Find a board certified veterinary dentist specializing in advanced animal dental care and oral surgery for your dogs and cats.

Pet dentists offer a wide range of veterinary dentistry services including comprehensive dog and cat teeth cleanings, fractured pet tooth repair, treatment for pet periodontal disease and oral surgery for all pet dental injuries and disease.

Pet dental health is vital in the long term overall health of your pets and it’s important to choose an experienced dog or cat dentist who can provide the highest level of care for your four legged family members. When choosing an AVDC vet dental specialist, you can be assured your dog or cat will receive a complete exam, including advanced anesthesia technology and vet dental x-rays that assure a comprehensive picture of your pet's dental health and any issues that may be causing them pain. If your pet needs a dental exam or you are concerned about a potential problem in your dog or cat's mouth, locate a vet dental specialist in your area and contact them to learn more about their veterinary dentistry services.

Treating Labrador Retriever’s Oral Tumor

Note the obvious swelling of the right maxilla. The owner reported rapid growth of the mass, debulked 2 months prior.

Note the obvious swelling of the right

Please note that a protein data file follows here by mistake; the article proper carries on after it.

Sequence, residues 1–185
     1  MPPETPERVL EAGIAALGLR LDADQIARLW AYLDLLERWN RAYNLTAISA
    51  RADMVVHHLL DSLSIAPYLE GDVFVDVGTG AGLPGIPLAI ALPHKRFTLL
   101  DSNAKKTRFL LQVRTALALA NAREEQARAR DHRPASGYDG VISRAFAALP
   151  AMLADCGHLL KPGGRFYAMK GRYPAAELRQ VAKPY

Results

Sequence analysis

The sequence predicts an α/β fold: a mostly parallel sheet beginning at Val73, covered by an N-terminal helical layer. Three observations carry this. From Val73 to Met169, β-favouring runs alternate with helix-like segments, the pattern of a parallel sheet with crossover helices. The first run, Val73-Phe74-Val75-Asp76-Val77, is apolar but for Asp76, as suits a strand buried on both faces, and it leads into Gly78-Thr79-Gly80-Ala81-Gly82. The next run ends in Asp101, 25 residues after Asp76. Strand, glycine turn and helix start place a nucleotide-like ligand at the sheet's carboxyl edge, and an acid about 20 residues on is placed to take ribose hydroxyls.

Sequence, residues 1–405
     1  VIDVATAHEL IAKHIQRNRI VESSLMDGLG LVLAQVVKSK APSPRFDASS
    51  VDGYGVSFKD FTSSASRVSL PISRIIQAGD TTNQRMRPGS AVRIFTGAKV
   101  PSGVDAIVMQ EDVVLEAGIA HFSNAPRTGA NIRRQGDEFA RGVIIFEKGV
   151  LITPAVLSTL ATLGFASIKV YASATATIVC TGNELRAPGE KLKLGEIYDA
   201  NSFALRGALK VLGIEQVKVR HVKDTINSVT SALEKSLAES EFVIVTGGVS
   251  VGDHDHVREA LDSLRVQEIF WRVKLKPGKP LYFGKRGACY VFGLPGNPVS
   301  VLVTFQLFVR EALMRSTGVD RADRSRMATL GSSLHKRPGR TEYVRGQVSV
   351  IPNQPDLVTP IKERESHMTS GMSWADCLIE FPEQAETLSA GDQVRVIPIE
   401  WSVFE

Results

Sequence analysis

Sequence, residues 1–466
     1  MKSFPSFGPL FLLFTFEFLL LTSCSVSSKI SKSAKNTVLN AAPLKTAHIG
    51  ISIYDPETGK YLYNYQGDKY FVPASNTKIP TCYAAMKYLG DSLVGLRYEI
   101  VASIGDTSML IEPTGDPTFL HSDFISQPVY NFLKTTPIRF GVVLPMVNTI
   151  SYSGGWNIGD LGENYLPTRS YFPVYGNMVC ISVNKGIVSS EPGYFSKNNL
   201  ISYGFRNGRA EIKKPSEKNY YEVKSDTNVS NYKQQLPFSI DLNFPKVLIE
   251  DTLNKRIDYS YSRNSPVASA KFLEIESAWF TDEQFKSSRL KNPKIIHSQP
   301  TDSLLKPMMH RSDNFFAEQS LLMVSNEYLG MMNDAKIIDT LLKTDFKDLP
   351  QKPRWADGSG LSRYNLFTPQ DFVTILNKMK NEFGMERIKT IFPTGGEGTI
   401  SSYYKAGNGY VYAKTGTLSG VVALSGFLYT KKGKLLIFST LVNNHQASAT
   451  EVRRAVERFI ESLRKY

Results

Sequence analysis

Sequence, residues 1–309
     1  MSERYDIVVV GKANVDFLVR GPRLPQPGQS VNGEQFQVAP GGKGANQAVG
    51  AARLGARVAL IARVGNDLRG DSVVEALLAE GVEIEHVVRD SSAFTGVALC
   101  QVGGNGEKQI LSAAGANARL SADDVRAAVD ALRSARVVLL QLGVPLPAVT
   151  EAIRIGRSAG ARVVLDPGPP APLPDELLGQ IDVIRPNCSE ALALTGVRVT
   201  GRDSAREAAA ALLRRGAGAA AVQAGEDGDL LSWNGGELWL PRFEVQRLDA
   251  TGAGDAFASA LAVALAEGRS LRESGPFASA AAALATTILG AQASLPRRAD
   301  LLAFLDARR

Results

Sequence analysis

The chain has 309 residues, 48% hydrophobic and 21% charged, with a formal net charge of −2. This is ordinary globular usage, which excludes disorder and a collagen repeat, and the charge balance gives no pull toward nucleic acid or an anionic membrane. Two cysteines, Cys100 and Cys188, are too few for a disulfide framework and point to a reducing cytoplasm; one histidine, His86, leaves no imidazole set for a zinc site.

maxilla. The owner reported rapid growth of the mass, debulked two months prior.

“Mr. Gibbs” is a 12 year old Labrador Retriever who came to Gulf South Veterinary Dentistry & Oral Surgery to have a tumor removed from his mouth.

The large tumor had grown back quickly after his regular veterinarian biopsied it a couple of months earlier. We knew it was a tumor called a plasmacytoma, which is generally not metastatic (does not spread to other parts of the body), but can be locally invasive. The mass was irritating the dog and the owners so we removed it, along with several teeth and part of the upper jaw, or maxilla.

While we were unable to remove the deepest parts of the tumor that had grown into the bones of his nose, “Mr. Gibbs” is much happier and more comfortable than he was before the surgery. He is now seeing a veterinary oncologist (cancer specialist) for follow up treatment of a more serious mass on his skin that we removed at the same time as the jaw surgery.

tumor in dog's mouth

A photo of the tumor in “Mr. Gibbs” mouth.

The incision site at the two week recheck. Everything looks great!

The incision site at the two week recheck. Everything looks great!

 

 

 

 

 

 

 

 

 

There is no sign that either cancer has spread and “Gibbs” continues to do great at home.

“Mr. Gibbs” and his owner were both very happy at the 2 week recheck. One can hardly tell he had a large piece of his upper jaw removed!

“Mr. Gibbs” and his owner were both very happy at the 2 week recheck. One can hardly tell he had a large piece of his upper jaw removed!

If at any point you notice a growth or tumor in your dog or cat’s mouth, or unusual swelling on their face, it’s extremely important to have it immediately evaluated by a veterinary dentist who can determine whether the tumor is benign or malignant and then provide the best possible treatment plan.